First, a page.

The only complaint was their water bottles are a few generations behind the big-pour, soft-squeeze version standards on the market today, like the Purist or Camelbak Podium.

Map of a Steady Hundred Miles or So

15 hours 19 min ago

Sharing an annotated map of our steady hundred miles or so ride from West Seattle to the rural roads of East King County last weekend. On this ride I ran over a slug, a snake, and saw Sir Mix-A-Lot’s house. Also dived right to avoid a distracted driver and cleared an unseen drainage ditch that unsteadied our bikes like an IED had gone off. Shaking that off we continued to pedal and…

When we turned out of the trees into the sun, it was like the opening sequence of an action flick.

A cross-dissolve transition from shade to the sun and into a fast descent with twisties.

He’s the climber and me the rouleur, and I did what was expected in this section.

Shift+click, click to a lower gear, and put the hammer down.

That curves ahead sign is my cue to GO!

Read the rest of the story in a free preview article from Issue 15 of our magazine that drops next month. It’s shared ad-free in the Medium Bicycles Collection.

Issue 15 Preview: Steady for a hundred miles or so

19 hours 13 min ago

Steady for a hundred miles or so

Here’s a free preview article from the next issue of our magazine that’ll drop in August like the hammer did when we saw a curves ahead sign. It’s shared here in the Medium Bicycles Collection.

The Case for Nibali’s Win

Sat, 07/26/2014 - 00:08

The cheering kid, the man with a camera for an arm, her very French, Cest la vie hair stylings…and Nibali gaining more time

Bike Hugger Magazine contributor, Patrick Brady makes the case for Nibali on his blog, Red Kite Prayer.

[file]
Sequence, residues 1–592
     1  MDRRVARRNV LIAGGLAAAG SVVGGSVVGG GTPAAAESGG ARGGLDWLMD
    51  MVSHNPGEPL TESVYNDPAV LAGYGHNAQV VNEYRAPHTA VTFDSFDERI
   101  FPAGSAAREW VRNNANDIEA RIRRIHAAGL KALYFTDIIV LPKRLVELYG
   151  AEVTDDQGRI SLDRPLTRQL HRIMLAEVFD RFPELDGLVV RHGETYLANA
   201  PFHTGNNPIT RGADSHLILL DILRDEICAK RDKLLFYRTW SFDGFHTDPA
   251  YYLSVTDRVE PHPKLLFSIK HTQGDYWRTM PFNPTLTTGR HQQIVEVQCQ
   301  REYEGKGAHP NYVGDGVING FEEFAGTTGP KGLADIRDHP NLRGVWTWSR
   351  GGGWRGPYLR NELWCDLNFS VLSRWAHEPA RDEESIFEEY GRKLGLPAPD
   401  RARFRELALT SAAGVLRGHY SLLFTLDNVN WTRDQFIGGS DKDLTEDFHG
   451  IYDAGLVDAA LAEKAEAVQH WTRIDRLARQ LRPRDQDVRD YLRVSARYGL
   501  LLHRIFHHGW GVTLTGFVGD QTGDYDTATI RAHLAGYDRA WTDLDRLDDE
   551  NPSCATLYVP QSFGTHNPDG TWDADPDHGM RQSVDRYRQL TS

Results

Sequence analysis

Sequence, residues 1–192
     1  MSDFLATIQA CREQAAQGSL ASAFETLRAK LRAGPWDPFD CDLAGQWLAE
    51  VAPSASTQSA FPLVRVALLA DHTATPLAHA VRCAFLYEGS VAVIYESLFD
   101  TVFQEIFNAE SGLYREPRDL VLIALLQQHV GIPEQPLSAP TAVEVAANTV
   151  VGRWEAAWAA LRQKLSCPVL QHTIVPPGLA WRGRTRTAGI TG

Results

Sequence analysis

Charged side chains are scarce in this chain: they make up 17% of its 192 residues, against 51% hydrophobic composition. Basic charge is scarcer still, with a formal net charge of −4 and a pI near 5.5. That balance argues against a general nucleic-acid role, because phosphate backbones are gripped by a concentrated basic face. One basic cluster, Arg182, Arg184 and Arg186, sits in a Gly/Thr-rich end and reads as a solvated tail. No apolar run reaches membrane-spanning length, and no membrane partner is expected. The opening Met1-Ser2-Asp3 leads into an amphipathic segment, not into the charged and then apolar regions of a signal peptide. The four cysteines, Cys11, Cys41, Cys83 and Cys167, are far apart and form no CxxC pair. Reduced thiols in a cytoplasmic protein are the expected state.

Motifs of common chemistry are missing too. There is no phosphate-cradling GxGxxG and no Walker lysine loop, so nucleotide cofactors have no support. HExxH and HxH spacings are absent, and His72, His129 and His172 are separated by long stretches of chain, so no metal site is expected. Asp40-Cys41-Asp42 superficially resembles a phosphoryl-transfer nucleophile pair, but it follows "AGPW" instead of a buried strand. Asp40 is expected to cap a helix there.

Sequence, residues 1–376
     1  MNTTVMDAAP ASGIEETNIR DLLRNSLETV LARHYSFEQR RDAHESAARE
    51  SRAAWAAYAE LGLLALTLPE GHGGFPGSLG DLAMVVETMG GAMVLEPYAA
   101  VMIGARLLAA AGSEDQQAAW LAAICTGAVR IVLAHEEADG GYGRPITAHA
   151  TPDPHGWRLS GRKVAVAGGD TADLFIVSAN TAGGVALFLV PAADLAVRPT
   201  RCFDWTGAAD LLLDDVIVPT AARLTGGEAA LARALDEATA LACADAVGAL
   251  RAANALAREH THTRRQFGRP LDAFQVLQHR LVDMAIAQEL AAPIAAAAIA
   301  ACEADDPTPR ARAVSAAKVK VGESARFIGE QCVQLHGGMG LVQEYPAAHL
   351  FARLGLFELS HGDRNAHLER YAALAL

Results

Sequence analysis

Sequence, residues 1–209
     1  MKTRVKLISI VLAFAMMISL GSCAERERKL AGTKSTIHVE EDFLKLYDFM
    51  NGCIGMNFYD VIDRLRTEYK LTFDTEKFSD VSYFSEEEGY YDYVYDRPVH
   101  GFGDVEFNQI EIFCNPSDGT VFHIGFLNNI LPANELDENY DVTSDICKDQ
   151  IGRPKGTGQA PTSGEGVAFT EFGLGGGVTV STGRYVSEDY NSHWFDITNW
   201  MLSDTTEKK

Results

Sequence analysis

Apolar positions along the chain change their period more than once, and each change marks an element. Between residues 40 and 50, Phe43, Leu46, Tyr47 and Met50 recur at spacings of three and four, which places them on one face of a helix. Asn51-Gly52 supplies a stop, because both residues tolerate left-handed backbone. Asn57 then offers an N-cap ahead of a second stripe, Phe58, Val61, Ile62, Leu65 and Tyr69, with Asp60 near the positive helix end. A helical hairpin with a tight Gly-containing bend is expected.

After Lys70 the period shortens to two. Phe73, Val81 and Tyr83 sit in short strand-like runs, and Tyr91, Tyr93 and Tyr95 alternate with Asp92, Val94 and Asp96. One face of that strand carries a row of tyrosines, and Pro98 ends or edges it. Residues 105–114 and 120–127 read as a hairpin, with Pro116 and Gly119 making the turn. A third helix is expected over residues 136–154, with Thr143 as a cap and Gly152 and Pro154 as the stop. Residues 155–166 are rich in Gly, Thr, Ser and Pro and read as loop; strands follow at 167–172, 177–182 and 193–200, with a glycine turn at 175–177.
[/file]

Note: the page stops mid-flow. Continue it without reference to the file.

While the credibility of professional cycling certain merits skepticism, epithets and innuendo simply accelerate a race to the bottom. What if the sport is in the midst of rebuilding its integrity, and Nibali’s impending victory is the rightful result of talent, training, teamwork, and timing? If evidence shall be required to support accusations, what is needed to restore credibility?

Our policy is, if they test nonnegative then we discuss, until then Nibaly was 3 minutes off the Reis Hautacam record. That’s not extra terrestrial and, as he said himself, he acquired a 7 minute lead over 20 stages

I’m very different than Lance,” said Nibali, whose news conference manner is certainly far less combative than Armstrong’s. “I haven’t done one huge performance. I got 30 seconds here, 40 seconds there.”

And hey I rode a new Tarmac like he’s racing earlier this year.

Photo: Photigule uploaded to Flickr

He’s Not Racing Road with these….

Fri, 07/25/2014 - 05:03

Didn’t know I wanted Camo Sidis with pink socks until I saw Blake wearing them last night. Blake is getting ready for Cross season…that starts for us immediately after the Tour. And we’re getting real restless about it.

Le Tour Stage 18 Recap: Rain into the Ditches

Fri, 07/25/2014 - 04:58

Rain hissed on the road, as they turned a tight corner towards the finish…and crashed leaving Ramunas Navardauskas free to ride in solo for the win.

Grosse chute incluant @romainbardet et @petosagan (sous les 3 km) / Big crash with @petosagan & @romainbardet #TDF

— Le Tour de France (@letour) July 25, 2014

Rain quotes paraphrased from Tom Robbins.

Short History of Tour Time Trials

Fri, 07/25/2014 - 03:45

With the time trail stage tomorrow, the Tour uploaded this video sharing the history of the race of truth. The edit includes Indurain blowing past Lance when he was wearing the world champ jersey.

Le Tour Stage 18 Recap: 7 Minutes

Fri, 07/25/2014 - 03:45

Finishes alone

Stage 18 Recap: What can you do in 7 minutes? Nibali is winning the Tour.

Being discussed more than his win, is the women with the phone he shoulder checked…

So she's calling her friends saying, "I'M ON TV," then Nibali shoulder checks her. Awesome.

— byron@bikehugger (@bikehugger) July 24, 2014

On G+ and Facebook.

Le Tour Stage 17 Recap: A Hot Mess